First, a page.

Retail stocks and the related exchange traded funds are off to impressive starts in 2019. The SPDR S&P Retail ETF (NYSE: XRT), one of the most widely followed retail ETFs, is higher by 9.51 percent. By comparison, the ProShares Decline of the Retail Store ETF (NYSE: EMTY) is lower by almost 8 percent.
EMTY, which debuted in November 2017, “seeks capital appreciation from the decline of bricks-and-mortar retailers through short exposure (-1x) to the Solactive-ProShares Bricks and Mortar Retail Store Index,” according to ProShares.
In other words, EMTY is the ideal ETF for investors to bet on declines of brick-and-mortar retailers with. Clearly, EMTY is not performing well year-to-date, but data suggest some brick-and-mortar retailers are still struggling. Since the start of the year, nearly 2,200 store closures have been announced and more could be coming.
“That's up 23 percent from the number of announcements documented at the same time last year,” CNBC reports, citing Coresight Research.
Why It's Important
There are likely more store closures coming this year, following a slew of such actions last year.
“In 2018, Coresight tracked 5,524 store closure announcements in the U.S., which was down more than 30 percent from a record 8,139 closures announced in 2017,” according to CNBC.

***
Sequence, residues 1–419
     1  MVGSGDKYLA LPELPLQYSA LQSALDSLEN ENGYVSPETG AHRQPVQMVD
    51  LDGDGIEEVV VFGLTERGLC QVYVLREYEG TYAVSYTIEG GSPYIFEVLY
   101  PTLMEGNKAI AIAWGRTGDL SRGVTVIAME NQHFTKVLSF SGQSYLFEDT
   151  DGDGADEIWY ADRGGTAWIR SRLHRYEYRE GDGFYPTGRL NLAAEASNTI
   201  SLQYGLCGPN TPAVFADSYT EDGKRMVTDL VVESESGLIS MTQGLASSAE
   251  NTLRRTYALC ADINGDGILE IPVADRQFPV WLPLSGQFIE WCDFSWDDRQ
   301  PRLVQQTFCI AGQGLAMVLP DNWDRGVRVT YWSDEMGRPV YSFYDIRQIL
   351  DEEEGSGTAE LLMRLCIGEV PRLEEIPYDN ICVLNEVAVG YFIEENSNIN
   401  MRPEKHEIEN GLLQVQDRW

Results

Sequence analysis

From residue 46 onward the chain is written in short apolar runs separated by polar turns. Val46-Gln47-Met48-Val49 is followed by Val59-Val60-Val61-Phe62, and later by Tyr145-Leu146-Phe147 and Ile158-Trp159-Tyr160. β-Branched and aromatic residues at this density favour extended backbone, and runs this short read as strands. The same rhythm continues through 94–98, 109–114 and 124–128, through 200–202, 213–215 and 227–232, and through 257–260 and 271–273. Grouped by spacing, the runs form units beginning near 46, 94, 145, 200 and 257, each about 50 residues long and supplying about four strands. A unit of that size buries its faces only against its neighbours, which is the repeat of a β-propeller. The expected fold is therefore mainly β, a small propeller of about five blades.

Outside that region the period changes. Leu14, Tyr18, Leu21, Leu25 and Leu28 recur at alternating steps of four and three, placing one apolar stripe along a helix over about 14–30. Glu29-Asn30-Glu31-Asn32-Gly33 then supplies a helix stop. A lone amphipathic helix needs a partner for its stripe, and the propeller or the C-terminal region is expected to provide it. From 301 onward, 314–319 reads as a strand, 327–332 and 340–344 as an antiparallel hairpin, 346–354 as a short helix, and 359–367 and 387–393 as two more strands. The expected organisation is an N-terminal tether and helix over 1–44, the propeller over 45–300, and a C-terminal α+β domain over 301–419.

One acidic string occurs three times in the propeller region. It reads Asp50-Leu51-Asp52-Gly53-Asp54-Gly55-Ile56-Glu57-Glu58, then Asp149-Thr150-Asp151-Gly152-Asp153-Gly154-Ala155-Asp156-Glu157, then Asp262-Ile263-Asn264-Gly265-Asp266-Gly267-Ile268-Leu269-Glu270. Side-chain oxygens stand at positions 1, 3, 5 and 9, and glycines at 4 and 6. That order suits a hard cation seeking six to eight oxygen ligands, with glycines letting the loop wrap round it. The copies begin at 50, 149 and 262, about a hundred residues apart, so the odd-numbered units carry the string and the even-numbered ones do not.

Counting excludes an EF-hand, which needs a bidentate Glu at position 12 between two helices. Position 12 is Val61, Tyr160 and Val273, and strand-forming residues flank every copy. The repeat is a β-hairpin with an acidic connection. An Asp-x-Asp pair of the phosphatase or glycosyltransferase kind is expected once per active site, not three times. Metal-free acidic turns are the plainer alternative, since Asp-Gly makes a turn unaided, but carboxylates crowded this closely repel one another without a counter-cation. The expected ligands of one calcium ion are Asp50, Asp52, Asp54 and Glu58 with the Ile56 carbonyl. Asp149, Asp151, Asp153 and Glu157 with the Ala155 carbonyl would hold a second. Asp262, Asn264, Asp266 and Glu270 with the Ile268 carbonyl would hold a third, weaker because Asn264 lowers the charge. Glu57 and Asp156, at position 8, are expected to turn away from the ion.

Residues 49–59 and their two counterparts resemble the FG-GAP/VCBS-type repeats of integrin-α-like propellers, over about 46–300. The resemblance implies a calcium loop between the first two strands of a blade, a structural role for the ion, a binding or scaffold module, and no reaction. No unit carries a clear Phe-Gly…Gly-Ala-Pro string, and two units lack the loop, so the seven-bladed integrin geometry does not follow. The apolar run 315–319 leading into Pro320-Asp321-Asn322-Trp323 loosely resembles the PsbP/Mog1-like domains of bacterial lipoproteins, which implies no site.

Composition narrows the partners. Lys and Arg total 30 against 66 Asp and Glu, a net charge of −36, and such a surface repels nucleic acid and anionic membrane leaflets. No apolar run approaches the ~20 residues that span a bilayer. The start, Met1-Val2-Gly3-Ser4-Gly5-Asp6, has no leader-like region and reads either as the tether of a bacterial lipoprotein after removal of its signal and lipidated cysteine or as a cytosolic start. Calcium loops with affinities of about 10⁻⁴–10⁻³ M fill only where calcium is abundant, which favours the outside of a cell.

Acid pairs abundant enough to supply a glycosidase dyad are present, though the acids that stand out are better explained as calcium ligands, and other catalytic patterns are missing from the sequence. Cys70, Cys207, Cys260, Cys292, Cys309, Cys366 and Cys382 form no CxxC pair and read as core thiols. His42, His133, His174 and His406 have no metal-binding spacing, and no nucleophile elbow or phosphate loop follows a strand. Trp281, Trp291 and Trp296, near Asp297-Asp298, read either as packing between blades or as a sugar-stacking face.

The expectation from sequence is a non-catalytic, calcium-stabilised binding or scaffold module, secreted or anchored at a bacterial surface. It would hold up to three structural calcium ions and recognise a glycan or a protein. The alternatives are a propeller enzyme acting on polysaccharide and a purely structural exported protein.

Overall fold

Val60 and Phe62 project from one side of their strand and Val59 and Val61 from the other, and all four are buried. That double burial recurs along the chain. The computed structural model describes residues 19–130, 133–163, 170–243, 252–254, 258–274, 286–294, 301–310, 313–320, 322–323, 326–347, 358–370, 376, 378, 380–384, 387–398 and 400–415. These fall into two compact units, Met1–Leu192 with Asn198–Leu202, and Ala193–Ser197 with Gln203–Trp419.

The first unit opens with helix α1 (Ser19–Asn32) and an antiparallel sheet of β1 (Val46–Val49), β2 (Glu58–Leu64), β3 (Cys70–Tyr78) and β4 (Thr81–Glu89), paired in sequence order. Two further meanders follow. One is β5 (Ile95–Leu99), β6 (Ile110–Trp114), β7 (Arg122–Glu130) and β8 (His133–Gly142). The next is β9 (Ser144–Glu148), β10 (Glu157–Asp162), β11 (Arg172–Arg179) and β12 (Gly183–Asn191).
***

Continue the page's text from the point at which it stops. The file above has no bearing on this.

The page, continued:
E-commerce is an immense threat to brick-and-mortar retailers.
“E-commerce is threatening to take over retail as consumer habits change, shopping moves online, and physical stores struggle to remain viable. With this disruption comes opportunity,” according to ProShares.
During the holiday shopping season (November through the end of the year), online retail sales swelled to 6 billion from 8.2 billion a year earlier and with mobile shopping growing, online retailers have more avenues to reach shoppers.
Even if investors do not want to short traditional retailers via EMTY, there are other avenues for tapping the e-commerce boom. The ProShares Online Retail ETF (NYSE: ONLN) is up 19.51 percent this year, or more than double XRT's gain.
Still, there is some allure with EMTY, particularly because there remain too many retail stores in the U.S. Analysts expect store count shrinkage for department stores and apparel retailers, segments that combine for over 40 percent of EMTY's weight.
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